While Hillary was by no means a battle-axe feminist, she closely aligned herself with an attitude that persists among old school feminists: that you have to fit into the man’s world. She worked too hard at aligning her persona with what she “isn’t” instead of recognizing that times have changed and being a woman is just fine. Beyond a few tears, she never carved her own authentic feminine place.
Sarah Palin, on the other hand, does a better job than Hillary of reflecting Millenials’ attitudes about being a woman. She isn’t running as a female trying to be as tough as a male – she is simply a tough female. She’s comfortable with her gender and doesn’t seem concerned about representing women’s voices. In this regard, if perhaps none other, she represents the new generation. Unfortunately for her as a candidate, she did not shed group identity altogether. She relies on class politics in her stump speeches and does not have broad appeal beyond her base. Regardless, greater subject mastery would serve her well in any future race.
The first woman president will be a full-blown post-grievance candidate, not dissimilar to Barack Obama. She will not strive to become a part of the old guard. Instead, she will rise above the fight with her own female persona naturally shining through. While there is much work to be done in the fight for equal rights, old school feminists and traditional civil rights leaders will not be able to reverse this world-view in the younger generation. Without a change in voice, they will be increasingly seen as out of touch and irrelevant, just as Hillary supporters’ post-nomination demands and Jesse Jackson’s criticisms of Barack have been met with sighs. Millennial women represent something hopeful. Instead of being dismissive of their style and approach, the old guard should count the attitude of their daughters and sons as the fruit of their efforts. This mere act of tossing away generations of grievances may seem terrifying, yet we need to better appreciate Millenial attitudes and speak to their beliefs to engage them in the work that is yet to be accomplished.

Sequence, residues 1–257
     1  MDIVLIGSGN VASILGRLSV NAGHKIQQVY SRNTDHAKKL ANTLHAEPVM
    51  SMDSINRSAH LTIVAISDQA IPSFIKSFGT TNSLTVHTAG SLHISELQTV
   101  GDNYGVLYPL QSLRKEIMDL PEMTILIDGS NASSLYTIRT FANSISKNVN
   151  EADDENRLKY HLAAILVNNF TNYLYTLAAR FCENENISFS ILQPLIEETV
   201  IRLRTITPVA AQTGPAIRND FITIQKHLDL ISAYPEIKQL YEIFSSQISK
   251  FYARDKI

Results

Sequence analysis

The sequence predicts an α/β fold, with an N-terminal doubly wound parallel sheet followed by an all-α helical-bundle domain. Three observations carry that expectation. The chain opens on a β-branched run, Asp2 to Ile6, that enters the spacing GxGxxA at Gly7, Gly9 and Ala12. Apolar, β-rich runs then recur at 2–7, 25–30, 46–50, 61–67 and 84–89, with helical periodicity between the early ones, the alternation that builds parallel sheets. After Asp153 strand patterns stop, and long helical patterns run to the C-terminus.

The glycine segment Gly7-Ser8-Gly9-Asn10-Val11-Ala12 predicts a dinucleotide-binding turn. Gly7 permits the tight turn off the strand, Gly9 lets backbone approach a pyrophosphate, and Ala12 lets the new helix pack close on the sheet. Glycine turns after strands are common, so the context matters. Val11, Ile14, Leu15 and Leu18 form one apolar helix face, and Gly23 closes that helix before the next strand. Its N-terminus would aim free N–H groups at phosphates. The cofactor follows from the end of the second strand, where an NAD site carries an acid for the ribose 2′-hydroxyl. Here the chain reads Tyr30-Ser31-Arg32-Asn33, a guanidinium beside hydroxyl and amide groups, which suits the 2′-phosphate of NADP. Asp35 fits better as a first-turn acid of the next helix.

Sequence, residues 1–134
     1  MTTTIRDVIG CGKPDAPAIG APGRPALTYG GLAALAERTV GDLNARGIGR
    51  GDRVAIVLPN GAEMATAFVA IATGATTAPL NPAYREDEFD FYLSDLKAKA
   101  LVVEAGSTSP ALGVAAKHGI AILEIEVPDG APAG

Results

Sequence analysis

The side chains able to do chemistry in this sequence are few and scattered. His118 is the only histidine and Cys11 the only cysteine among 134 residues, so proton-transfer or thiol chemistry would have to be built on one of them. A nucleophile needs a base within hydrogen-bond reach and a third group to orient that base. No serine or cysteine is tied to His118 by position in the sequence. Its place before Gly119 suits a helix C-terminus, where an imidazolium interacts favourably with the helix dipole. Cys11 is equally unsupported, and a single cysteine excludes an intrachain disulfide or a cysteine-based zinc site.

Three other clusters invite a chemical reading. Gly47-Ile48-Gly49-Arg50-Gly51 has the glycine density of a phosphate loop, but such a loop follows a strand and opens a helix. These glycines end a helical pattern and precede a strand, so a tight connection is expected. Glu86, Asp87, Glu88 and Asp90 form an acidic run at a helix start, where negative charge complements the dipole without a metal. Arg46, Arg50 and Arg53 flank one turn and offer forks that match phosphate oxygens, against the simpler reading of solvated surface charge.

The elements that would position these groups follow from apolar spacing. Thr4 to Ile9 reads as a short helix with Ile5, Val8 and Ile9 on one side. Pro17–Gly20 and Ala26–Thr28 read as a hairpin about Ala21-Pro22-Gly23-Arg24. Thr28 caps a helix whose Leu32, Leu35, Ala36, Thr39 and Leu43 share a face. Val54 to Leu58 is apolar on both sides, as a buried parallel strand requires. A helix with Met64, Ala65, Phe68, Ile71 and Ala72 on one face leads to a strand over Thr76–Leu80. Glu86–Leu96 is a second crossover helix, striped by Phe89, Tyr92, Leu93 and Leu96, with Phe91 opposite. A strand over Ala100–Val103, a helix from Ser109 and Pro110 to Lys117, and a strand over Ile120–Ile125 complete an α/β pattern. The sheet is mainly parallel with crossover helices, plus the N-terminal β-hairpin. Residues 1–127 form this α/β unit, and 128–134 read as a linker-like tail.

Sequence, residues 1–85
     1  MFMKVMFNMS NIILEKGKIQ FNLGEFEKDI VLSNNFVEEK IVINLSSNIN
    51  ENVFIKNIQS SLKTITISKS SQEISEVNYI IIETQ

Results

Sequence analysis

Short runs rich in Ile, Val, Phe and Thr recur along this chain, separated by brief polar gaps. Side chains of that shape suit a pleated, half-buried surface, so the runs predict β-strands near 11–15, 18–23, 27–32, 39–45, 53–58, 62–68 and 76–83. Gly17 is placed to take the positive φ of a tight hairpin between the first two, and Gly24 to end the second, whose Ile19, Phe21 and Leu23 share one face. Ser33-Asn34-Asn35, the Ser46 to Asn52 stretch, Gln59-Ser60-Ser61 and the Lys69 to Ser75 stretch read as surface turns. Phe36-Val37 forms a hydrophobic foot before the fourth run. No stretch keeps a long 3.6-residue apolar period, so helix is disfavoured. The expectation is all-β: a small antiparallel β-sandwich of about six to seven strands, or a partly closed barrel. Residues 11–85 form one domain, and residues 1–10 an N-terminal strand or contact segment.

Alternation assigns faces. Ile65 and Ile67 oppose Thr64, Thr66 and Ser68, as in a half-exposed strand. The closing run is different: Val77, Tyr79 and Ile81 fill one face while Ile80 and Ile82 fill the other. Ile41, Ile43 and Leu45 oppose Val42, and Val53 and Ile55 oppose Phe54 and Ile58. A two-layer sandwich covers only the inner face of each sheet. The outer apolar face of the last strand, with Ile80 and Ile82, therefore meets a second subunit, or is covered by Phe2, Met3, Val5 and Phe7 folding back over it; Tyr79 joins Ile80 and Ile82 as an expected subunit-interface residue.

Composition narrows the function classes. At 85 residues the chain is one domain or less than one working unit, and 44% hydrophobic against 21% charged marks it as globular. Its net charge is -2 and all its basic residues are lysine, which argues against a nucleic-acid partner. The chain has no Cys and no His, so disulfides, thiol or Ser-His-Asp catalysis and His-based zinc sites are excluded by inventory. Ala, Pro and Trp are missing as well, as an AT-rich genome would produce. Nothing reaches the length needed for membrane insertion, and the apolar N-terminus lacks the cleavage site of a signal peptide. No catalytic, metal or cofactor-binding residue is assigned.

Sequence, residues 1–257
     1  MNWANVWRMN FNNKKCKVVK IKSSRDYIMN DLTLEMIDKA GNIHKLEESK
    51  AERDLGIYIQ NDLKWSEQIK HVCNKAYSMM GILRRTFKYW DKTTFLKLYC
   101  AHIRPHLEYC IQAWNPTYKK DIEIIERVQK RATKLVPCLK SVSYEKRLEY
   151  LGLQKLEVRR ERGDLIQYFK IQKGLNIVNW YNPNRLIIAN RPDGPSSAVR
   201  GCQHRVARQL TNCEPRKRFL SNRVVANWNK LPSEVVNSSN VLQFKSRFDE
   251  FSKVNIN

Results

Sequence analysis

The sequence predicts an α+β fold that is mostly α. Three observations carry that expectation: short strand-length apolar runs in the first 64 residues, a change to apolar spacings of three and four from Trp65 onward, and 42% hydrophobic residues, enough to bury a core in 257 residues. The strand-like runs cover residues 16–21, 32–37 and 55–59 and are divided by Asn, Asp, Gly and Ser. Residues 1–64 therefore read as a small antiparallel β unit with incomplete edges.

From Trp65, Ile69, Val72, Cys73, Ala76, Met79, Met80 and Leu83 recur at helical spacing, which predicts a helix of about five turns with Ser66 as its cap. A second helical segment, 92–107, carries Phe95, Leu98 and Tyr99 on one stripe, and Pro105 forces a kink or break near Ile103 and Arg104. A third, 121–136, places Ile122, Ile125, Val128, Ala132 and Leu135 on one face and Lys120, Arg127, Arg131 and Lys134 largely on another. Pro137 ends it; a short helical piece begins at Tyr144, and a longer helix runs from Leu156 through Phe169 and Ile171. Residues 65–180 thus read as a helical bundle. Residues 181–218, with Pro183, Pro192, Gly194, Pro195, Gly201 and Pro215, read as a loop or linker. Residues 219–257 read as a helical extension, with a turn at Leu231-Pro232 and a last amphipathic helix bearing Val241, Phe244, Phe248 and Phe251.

These attitudes are only one aspect of what makes this generation a magnet for politicians, innovative marketers and employers. Knowing how to leverage Millenial’s uniqueness is considered a market advantage today and soon will be cost of entry, as they grow into the largest generation ever. For more insights and guidance, contact Barbara Bylenga of Outlaw Consulting. She and her team are experts at unraveling Millenial’s attitudes and identifying implications. Marya Stark of Allegory Training trains both Boomer and Millennial clients in an innovative approach to maximizing team and individual performance in Leadership, Sales and Communications.